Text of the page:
Jessica Marcrum, MSW, LSW, a clinical social worker focusing on individual therapy and cases of trauma, PTSD, domestic abuse and sexual abuse, has put her private practice in Pittsburgh on hold for a while as she focuses on building her tabletop game-design hobby into a business.
The ENNIE award-winning writer, director and game designer is co-founder of Unseelie Studios and Threeflings stream-play game shows. The ENNIE Awards are an annual fan-based, role-play tabletop game people’s choice awards. The public recognizes game designers, writers and artists through online voting. Marcrum also created the Buddy System and is part of Magpie’s Curated Play program. The buddysystemgames.com website covers all things games, including new games, top gaming and trends.
Gaming and Game Design
Marcrum was in high school when she became interested in playing games, but after a game master told her in 2002 that “no girls can play,” she quit for 10 years or more. After telling a friend years later about that experience, her friend said, “You should do this.” So Marcrum began playing again, and also started creating games.
In 2017, during her last year studying social work in graduate school, a friend told her about some women game designers. Although Marcrum said she had never done that before, one of her friends said, “That’s perfect for you.”
“When I finished grad school, I started doing game design as a second job besides my full-time job,” she said about her private practice in Pittsburgh.
Marcrum said she likes the gaming community and the collaboration within it.
“Getting to tell a story of mythological female monsters appealed to me,” she said. “After I got a job, I found a niche in women’s games and got together with a community and found I love what I do. Everybody works together to accomplish a goal, and usually the goal is to experience a great story... and you get to play pretend.”
“There’s a lot about avoiding burnout (in gaming), which also is important in social work....” Marcrum said. “There can be burnout, so there’s learning about red flags and when to say ‘No.’ I think that’s something we all could learn. I think as social workers, we sometimes ignore things that are good for us in favor of our clients.”
Why Social Work?
After earning a bachelor’s degree in music, Marcrum worked for a few years in crisis centers and said she “really loved the work I was doing.”
“I saw progress in that field, but I got to a point where the only way I could get a promotion was to get a license, so I got an MSW,” she said. “I loved it … I really love it! My goal was to work specifically with trauma and intimate partner violence. Social work and social systems are tied to what I wanted to do.”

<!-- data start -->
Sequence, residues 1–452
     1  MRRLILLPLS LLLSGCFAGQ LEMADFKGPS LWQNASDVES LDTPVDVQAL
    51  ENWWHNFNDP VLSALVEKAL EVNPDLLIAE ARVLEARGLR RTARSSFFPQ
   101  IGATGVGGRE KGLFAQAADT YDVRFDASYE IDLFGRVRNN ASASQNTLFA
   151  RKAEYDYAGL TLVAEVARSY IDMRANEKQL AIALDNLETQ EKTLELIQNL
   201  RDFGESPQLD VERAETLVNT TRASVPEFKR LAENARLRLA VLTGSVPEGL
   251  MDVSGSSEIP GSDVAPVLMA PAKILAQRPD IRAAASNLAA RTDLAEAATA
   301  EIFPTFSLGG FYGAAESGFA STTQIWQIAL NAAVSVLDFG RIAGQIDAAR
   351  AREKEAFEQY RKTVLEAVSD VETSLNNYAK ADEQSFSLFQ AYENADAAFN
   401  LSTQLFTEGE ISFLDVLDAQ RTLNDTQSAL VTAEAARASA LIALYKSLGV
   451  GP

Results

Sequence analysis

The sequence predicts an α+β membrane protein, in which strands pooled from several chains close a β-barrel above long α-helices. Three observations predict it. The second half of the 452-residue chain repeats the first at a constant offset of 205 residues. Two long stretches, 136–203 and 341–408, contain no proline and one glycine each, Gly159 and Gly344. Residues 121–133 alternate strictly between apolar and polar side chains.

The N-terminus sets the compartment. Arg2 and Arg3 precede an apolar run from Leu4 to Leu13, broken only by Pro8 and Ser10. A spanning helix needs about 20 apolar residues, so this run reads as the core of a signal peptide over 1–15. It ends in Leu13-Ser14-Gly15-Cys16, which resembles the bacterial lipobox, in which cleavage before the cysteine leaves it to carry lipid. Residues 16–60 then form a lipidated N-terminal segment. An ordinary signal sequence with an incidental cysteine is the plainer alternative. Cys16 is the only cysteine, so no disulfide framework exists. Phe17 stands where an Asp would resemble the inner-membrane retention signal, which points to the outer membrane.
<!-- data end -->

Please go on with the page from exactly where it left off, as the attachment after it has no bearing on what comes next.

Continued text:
Similarities Between Game Creation and Social Work
Marcrum spent a lot of time working with a variety of people as a social worker and “learned to see things from their perspective” of having to tackle several different aspects of things all at once. Tabletop games have been used in therapy, particularly in group therapy, with varying degrees of success, she said. “Some (games) are used to help autistic children increase and improve their language skills, which is really cool.”
Pictured, left: Marcrum playing one of her games, "Oops. All Draculas!"
For example, if a child is not confident and speaks in Japanese but plays in English, “it helps them get better in English,” Marcrum said.
Therapists who use games while working with children have found it helps the kids with processing trauma, she said. “Some games are specifically for that.”
Other games are used in cases of sexual violence and intimate partner violence and they “foster empathy for abuse survivors,” Marcrum said. “There are ways to foster empathy through game design, and with role play you can learn aspects of the role of gender,” she said. “It’s a safe place to explore, it gives safe space to control negativity, and it deals a lot with consent. There’s a lot of crossover (between social work and gaming)—more than you first might think.”
Marcrum’s immediate plans are to continue freelancing and writing for the video game company because, “We have stuff coming out this fall,” she said, “and we’re going to be ready.”
Marcrum said she also plans to stay connected with social work, maintaining her NASW membership and social work license.
Her website is jessicamarcrumwrites.com. Marcrum also can be found on Twitter @Miss_Jess03 and twitch.tv/AngryNerdGirl.
Below are some of the games she has designed: